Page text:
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Refusing a blood or urine test

Information about how a person may be found guilty of refusing to have a blood or urine test as required under drug driving law.

It is an offence to refuse to have a blood or urine test if required to do so after having a drug impairment assessment. Refusal may be communicated through words or actions.

It is also an offence to refuse to allow a doctor to take a blood sample after involvement in a motor vehicle accident where a person attends a place for examination or treatment.

What prosecution must prove

Before a person can be convicted of this offence the prosecution must prove that the:

  • driver was lawfully obliged to have a drug impairment assessment
  • assessment indicated that the driver was impaired (in opinion of assessing police officer)
  • officer made a request to driver to accompany them to a place where sample was to be taken and explained purpose of journey
  • it is not necessary for the officer to explain what would happen if they refused
  • request was made within 3 hours of driving or being in charge of a motor vehicle
  • driver refused to:
    • accompany officer to place where sample could be taken (or given), or
    • remain at sample place
    • allow sample to be taken.

If driver initially refuses and then changes their mind prosecution can still decide to lay charge of refusing to allow sample.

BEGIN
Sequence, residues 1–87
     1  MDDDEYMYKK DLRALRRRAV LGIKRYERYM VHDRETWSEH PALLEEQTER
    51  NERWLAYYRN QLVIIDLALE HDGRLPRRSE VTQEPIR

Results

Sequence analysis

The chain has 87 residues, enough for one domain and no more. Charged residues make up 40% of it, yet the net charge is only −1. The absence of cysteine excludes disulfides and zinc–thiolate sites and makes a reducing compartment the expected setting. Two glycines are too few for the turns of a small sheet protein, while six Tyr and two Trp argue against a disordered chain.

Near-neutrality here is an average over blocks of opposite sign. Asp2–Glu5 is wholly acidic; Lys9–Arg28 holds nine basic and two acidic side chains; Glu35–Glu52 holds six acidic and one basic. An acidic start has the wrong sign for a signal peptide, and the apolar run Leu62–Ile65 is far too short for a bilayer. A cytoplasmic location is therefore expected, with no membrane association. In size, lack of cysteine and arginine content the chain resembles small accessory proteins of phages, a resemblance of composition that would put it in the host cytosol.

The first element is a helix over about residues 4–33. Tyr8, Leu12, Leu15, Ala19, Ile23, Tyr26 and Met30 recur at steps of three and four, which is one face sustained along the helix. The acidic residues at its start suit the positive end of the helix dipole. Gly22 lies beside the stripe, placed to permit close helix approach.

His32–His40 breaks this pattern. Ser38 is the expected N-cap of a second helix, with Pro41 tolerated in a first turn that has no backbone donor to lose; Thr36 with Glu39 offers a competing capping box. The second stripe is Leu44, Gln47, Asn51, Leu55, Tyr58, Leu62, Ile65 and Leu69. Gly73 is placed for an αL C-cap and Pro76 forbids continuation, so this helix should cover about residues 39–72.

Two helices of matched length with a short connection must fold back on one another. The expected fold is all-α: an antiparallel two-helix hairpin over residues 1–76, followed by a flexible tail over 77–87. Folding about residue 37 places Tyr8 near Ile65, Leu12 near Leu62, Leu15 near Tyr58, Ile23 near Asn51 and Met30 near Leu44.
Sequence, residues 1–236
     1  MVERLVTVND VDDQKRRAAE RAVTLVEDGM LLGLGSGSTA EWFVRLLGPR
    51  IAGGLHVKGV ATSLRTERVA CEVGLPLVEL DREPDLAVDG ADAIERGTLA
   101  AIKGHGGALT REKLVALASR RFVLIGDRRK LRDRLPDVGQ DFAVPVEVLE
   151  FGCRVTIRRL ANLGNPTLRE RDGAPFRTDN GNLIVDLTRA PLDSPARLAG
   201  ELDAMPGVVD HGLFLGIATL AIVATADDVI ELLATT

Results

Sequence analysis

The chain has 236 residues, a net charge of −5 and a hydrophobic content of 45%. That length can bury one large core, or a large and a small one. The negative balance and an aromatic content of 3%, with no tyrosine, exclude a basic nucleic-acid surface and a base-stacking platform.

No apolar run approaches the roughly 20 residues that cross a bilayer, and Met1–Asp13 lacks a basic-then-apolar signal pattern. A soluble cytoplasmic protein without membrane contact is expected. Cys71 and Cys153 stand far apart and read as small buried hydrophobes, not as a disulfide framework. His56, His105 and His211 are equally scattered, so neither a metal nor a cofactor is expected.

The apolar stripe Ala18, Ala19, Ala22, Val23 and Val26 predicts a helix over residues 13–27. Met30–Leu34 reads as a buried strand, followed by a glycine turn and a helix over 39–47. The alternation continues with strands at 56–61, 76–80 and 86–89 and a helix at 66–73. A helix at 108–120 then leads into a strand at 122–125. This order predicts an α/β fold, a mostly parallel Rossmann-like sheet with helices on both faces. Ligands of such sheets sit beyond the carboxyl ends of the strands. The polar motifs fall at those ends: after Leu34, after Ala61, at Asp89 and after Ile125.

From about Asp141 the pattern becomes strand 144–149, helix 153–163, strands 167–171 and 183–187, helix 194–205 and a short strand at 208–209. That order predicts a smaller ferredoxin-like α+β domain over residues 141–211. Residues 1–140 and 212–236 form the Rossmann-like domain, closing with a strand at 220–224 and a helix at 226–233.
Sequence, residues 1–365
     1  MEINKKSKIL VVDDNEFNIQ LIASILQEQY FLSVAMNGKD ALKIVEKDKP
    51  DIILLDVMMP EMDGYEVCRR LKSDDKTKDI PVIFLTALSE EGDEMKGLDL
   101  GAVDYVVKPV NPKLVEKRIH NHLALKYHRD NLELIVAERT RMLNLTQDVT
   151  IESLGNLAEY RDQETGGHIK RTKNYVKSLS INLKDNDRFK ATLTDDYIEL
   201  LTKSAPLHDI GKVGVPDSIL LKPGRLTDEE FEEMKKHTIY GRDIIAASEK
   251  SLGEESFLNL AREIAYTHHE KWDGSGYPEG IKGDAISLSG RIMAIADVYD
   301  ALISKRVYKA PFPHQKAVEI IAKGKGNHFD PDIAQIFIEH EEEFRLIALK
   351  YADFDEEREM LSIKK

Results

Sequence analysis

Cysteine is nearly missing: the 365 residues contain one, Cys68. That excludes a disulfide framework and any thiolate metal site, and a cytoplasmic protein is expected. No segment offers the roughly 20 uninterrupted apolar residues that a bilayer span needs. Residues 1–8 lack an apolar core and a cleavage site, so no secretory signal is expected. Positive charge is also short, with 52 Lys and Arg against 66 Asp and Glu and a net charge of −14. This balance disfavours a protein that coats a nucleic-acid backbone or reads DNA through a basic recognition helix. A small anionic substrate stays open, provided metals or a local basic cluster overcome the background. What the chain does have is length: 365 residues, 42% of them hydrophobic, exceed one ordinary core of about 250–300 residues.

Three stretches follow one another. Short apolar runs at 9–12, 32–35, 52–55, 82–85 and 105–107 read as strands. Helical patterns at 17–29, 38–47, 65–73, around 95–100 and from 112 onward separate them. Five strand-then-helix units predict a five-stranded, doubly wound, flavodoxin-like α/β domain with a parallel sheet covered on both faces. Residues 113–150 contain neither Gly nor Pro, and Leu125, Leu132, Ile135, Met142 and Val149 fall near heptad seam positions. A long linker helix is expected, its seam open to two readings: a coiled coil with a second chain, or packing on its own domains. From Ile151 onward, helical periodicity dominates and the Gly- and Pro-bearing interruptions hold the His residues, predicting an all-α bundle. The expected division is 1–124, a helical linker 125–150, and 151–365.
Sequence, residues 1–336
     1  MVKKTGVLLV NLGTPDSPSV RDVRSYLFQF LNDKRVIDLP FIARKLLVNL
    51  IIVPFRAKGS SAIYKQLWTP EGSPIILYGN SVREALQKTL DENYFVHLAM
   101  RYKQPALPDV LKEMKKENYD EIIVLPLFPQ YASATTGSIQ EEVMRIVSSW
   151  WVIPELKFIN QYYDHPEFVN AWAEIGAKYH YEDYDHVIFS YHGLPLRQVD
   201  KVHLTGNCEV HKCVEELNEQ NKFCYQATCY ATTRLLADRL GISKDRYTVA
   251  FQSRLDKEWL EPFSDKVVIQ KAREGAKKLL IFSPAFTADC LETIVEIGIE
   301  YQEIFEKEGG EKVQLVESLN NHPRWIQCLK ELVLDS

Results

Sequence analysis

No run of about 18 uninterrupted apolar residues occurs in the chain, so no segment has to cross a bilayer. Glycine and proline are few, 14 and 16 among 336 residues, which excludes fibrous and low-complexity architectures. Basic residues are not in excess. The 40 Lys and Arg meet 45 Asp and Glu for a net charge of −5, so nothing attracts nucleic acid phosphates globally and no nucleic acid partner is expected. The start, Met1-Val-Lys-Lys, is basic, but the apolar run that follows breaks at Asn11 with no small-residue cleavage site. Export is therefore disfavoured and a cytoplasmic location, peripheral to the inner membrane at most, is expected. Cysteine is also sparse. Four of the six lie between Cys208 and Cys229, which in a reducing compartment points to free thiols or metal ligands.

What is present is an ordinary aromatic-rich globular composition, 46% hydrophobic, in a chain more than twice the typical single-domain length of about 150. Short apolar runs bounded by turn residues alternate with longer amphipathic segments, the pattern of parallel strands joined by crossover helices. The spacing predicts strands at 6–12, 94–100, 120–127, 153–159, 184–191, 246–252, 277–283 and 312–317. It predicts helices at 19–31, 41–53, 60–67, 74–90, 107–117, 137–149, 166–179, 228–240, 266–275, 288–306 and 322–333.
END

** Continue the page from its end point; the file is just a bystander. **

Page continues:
Note: It is not necessary for a registered medical practitioner or approved health professional to be present when the refusal is made.

See Halepovic v Sangston [2003] VSC 464 (24 October 2003). and Motor & Traffic Law [5610.415C]

Reasonable suspicion of impairment

A police officer may require a person whose behaviour or appearance indicates that that person may be impaired for some reason other than from drinking alcohol alone. So a driver is not taken to be impaired unless their behaviour or appearance gives rise to a reasonable suspicion that they are not able to drive properly. There must be some factual reason for this belief.

See Drug impairment assessments and Motor & Traffic Law [5610.415D]

Refuses to give blood but willing to give urine sample

If the driver refuses to allow a blood sample to be taken, but is willing to allow a urine sample they may be able to avoid being found guilty of refusal.

If the defendant can show that they have a hypodermic needle phobia (sufficiently severe to be supported by medical science) they may provide this defence. Dislike of blood or light headedness will not be enough.

See R v Harding (1974) 59 CR App R 153; [1974] RTR 325; Sykes v White [1983] RTR 419.

Did the driver understand the request?

The defence of mental impairment may establish that the driver was not able to understand the request that was made to provide a sample of blood or urine. This is because a refusal must be knowing and willful.

See Police v Ghuede (2007) 99 SASR 280 as mentioned in Motor & Traffic Law [5610.415E]

More information

Legislation

Road Safety Act 1986 (Vic)

  • s. 3(1)—defines registered medical practitioner and approved health professional
  • s. 49(1)(ea)—refusal to have urine or blood sample
  • s. 49(3)—list penalties
  • s. 55B—blood and urine samples

See Road Safety Act 1986 (Vic).

Reference

Motor & Traffic Law Victoria

Motor and Traffic Law Victoria has commentary about refusing to provide blood or urine sample.

  • Refuse to provide blood and/or urine sample [5610.415A]
  • Reasonable suspicion of impairment [5610.415D]
  • Refusal to provide blood and/or urine sample [5610.415E]

Note: To access content type the brackets and number reference into the search box, for example "[5610.415A]"

See Refuse to provide blood or urine sample [5610.415A] in Part 5—Offences involving alcohol or other drugs [5600].

Updated